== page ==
Author: Jennifer Berg, CPDT-KA
(This is for general information only. Please consult a reputable, force-free dog behaviour professional for advice specific to the behaviours of your dog.)
This pandemic has been hard on some dogs as they learned to adjust to family members being home but occupied with work or classes. As people return to the office and school, dogs may have a difficult time adjusting to the increased time alone. This is especially true for “pandemic puppies” who may find themselves alone for the first time in their lives, but it can also be the case for dogs who are out of practice. Here are some tips for helping your dog learn to be relaxed and content when alone. (More information and detailed instructions are available in my book Teach Your Dog How to Be Alone: a simple, concise step-by-step guide.)
Train it before you need it
Start the training as soon as possible. It takes time to teach a dog how to be relaxed and comfortable when left alone, and while some dogs can learn it in a week, some may require many weeks. Keep in mind that elderly dogs and dogs in pain or ill-health may be less resilient to stressors. If your dog has never been left alone, has had a history of being distressed when left alone, or has an unknown history of being alone and you are unsure how your dog will react, it’s a good idea to start at the easiest level and progress gradually with very small steps.
Try a short, very easy test run
Set up a device that allows you to observe when your dog is alone, perhaps through a live video feed or as a recording you can view after you return. Look for the smallest signs of stress and adapt your training as needed.
Learn to read your dog
Is your dog comfortable and relaxed or merely “fine” when alone? Learn to read subtle canine stress signals to ensure you aren’t missing some very subtle indications that your dog is not fine (e.g., nose/lip licking, yawning when not tired, shake-offs, panting). If you see signs of stress make things easier for your dog.
Plan for success
Create conditions that will make it easier for your dog to feel safe, content, and relaxed. Choose times of the day when your dog is more likely to settle and have a nap. It can be helpful to provide an object to occupy your dog for the first few minutes after you leave (e.g., a food-dispensing toy or a chew) but be sure it is an object safe for your dog to have unsupervised.
Consider carefully whether to crate or not to crate
A dog can be taught to feel safe and relaxed while alone without the use of a crate. A crate is a tool that can help in some cases, but it needs to be used wisely. Some dogs may panic when they are closed inside a crate, especially if they associate it with things that cause them distress, such as being alone for too long. Ensure your dog enjoys entering their crate and relaxing in it before you attempt to leave your dog alone in it. You can help convince your dog that their crate is a wonderful place to be by keeping the crate door open and feeding meals and special chews and treats in there. When your dog isn’t watching, place treats or a new toy in their crate so that when they go in there on their own, it is instantly reinforced that crate is a great place to be. Teaching a dog how to be alone starts by ensuring they feel safe and relaxed and an essential part of that means letting them have choice and control in the training process. Coaxing, pressuring, or tricking your dog to enter their crate is not a good training plan.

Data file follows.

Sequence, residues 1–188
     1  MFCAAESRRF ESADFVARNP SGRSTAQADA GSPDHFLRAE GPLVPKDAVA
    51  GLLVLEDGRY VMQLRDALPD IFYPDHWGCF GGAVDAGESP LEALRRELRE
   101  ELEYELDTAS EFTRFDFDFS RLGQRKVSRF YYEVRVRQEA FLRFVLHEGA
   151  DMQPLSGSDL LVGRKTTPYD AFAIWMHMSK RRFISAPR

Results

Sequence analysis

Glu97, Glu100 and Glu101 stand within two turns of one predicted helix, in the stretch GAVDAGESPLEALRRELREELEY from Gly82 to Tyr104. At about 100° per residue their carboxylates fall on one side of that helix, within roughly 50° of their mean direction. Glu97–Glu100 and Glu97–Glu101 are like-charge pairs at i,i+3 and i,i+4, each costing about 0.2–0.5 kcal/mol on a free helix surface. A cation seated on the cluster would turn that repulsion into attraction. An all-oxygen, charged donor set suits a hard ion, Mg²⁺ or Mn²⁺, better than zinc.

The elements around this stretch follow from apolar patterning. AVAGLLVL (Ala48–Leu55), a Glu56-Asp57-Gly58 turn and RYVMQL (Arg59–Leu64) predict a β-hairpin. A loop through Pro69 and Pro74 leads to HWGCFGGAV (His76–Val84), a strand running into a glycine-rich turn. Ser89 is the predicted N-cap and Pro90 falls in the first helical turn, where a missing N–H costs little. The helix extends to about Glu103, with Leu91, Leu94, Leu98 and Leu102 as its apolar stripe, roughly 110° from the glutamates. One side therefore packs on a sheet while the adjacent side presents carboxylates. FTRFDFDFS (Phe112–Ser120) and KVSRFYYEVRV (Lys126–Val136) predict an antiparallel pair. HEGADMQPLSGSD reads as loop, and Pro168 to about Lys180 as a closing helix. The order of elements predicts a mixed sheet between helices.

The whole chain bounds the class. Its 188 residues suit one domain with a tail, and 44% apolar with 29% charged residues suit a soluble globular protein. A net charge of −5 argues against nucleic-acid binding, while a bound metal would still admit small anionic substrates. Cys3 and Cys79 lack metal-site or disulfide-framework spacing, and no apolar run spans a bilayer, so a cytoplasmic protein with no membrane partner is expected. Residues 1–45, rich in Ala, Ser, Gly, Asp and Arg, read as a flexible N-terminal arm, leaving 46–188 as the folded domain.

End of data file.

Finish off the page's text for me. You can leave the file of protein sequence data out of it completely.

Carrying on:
Address barking and other unwanted behaviours appropriately
Barking, house soiling, and destructive behaviours are common symptoms of isolation-or separation-distress. Caregivers might be tempted to turn to devices and training advice that promise guaranteed quick results through the suppression of these symptoms of distress, but this leads to wasted time and money, emotional trauma to the dog, and an escalation in problem behaviours. Please consult a reputable, force-free dog behaviour professional if you need help, and consult your veterinarian to rule out any medical cause that could be contributing to unwanted behaviours.
Jennifer Berg, CPDT-KA has over 16 years’ experience providing force-free, science-based dog training. She is certified with the CCPDT and is a member of the Canadian Association of Professional Dog Trainers. Copies of her book Teach Your Dog How to Be Alone: a simple, concise step-by-step guide can be purchased at a variety of online book retailers; Visit oberhund.com for information on purchasing a printed copy.